- You can tune the amount of load you send to each server based on that server’s capacity. Imagine this spatially – more points for a server means it covers more of the ring and is more likely to get more resources assigned to it.
You could have a process try to tune this load dynamically, but be aware that you’ll be stepping close to problems that control theory was built to solve. Control theory is more complicated than consistent hashing.
- If you store your server list in a database (2 columns: IP address and number of points), you can bring servers online slowly by gradually increasing the number of points they use. This is particularly important for services that are disk bound and need time for the kernel to fill up its caches. This is one way to deal with the datacenter variant of the Thundering Herd Problem.
Here I go again with the control theory — you could do this automatically. But adding capacity usually happens so rarely that just having somebody sitting there watching top and running SQL updates is probably fine. Of course, EC2 changes everything, so maybe you’ll be hitting the books after all.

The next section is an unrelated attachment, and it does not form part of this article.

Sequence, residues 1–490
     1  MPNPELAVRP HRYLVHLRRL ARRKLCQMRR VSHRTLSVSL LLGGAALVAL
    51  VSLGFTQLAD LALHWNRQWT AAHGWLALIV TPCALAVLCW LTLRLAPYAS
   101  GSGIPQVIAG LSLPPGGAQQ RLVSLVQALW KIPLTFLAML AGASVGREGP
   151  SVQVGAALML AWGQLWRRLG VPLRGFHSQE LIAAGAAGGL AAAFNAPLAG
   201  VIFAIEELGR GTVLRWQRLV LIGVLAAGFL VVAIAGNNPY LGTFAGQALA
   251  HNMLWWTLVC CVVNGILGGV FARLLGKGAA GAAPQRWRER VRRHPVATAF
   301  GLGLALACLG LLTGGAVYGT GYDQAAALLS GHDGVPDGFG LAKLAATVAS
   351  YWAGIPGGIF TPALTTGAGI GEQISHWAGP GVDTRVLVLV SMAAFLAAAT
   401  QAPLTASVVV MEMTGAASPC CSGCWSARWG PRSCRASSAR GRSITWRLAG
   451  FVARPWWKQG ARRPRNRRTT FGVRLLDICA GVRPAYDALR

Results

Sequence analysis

- If you are really clever, when everything is running smoothly you can go ahead and pay the cost of storing items on both their primary and secondary cache servers. That way, when one server goes down, you’ve probably got a backup cache ready to go.
Pretty cool, eh?
I want to hammer on point #4 for a minute. If you are building a big system, you really need to consider what happens when machines fail. If the answer is “we crush the databases,” congratulations: you will get to observe a cascading failure. I love this stuff, so hearing about cascading failures makes me smile. But it won’t have the same effect on your users.
Finally, you may not know this, but you use consistent hashing every time you put something in your cart at Amazon.com. Their massively scalable data store, Dynamo, uses this technique. Or if you use Last.fm, you’ve used a great combination: consistent hashing + memcached. They were kind enough to release their changes, so if you are using memcached, you can just use their code without dealing with these messy details. But keep in mind that there are more applications to this idea than just simple caching. Consistent hashing is a powerful idea for anyone building services that have to scale across a group of computers.
A few more links: